Monday, July 23, 2007

Headaches

When the tones went off I'd been asleep for maybe an hour, in the recliner. "Ladder 12, Medic 38, an unconscious unresponsive..."

Goddamn. We already worked one code tonight.

Outside, my partner is sitting in the ambulance, doing his crossword. I look at the computer as I hop in the driver's seat. Female, unconscious, heavy breathing, the notes said. Good. Not a code.

When we get there a quietly anxious man in his thirties leads us back to a bedroom, where a woman about the same age is in bed, barely awake.

The husband describes, while trying to wrangle a pair of small children, what sounds like a seizure, and she's acting like someone who's just had one. Vital signs are fine, and she's starting to come around. We wave off the sleepy firemen who come trailing in after us.

History, we ask? None, he says, shrugging, a kid on each hip. No medical problems. Oh, but she's had these headaches, real bad, for the past week. Nothing else, though.

Well.

I take the gear outside, bring the stretcher in. She's awake and halfway alert now, and gets dressed enough to go.

The house is the kind of happy shambles a young family makes, with clothes and legos on the floor. The older kid bounces around a bit, pointing to her younger sibling and saying, "Baby!" and then to us and saying, "Medic!"

It's adorable.

The father loads them up in his car as we load her in the ambulance. I walk back over to the front door. You know how to get to the hospital? Okay. We're not using lights and sirens; you can drive easy too.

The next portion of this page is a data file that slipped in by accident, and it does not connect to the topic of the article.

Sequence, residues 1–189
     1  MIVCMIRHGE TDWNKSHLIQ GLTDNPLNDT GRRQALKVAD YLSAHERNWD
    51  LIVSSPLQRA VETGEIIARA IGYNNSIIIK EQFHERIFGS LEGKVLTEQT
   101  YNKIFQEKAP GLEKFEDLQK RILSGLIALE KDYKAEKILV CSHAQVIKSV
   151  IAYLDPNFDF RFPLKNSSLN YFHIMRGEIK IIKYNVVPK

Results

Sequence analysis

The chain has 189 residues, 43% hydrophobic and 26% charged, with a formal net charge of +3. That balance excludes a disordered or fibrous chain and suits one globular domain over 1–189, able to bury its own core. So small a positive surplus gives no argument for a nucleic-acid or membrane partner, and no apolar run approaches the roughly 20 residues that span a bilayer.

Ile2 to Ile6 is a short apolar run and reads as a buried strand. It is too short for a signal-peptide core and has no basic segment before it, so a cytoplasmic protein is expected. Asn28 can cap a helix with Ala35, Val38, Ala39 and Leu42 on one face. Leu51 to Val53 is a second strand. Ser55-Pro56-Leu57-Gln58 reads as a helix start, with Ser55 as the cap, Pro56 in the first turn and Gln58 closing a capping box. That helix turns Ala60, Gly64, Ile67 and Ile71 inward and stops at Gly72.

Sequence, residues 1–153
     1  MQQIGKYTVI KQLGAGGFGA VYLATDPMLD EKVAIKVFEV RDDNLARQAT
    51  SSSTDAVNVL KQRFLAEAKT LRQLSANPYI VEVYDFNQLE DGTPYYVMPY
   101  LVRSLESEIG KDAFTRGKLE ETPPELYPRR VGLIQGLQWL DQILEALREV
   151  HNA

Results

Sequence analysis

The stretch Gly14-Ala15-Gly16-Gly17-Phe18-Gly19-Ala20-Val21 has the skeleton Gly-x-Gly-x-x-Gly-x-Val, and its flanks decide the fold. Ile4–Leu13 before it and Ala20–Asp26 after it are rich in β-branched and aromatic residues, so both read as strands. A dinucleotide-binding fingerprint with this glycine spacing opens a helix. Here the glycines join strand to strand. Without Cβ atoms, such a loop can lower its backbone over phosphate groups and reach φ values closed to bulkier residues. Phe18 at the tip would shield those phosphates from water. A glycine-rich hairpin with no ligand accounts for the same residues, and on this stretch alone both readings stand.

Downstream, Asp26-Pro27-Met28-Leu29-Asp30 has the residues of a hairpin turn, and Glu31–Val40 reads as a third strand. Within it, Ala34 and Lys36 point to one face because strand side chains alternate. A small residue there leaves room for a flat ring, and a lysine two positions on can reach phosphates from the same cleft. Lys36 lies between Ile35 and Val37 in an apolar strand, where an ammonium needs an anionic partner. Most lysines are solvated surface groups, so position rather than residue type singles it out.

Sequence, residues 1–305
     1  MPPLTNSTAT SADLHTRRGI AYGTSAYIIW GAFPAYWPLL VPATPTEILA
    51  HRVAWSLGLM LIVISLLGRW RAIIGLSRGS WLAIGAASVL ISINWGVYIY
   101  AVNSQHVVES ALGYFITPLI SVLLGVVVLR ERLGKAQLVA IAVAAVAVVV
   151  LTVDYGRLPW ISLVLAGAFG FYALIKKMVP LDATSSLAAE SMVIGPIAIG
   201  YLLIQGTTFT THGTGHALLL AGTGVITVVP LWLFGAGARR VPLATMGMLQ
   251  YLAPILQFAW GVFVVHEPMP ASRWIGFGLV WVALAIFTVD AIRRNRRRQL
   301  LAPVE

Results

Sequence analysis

On the way, as I drive, my partner does the necessary procedures and checks -- IV, EKG, etc -- and talks to the woman. She wants to know what's going on, and he explains she's probably had a seizure. Why? Could be a lot of different things, he says. Maybe a metabolic imbalance, blood chemistry off, something like that.

He says that and I want so hard, so much, to believe it, to believe that it's just a little metabolic imbalance, that she'll get checked out and ok'd and sent home in a few hours.

I want to believe that a week of headaches and a new-onset seizure at thirty doesn't scream brain tumor, malignancy.

I also want to believe that the little bit of welling in the corners of my eyes is just exhaustion, the end of a long night, but I can't fool myself there, either.

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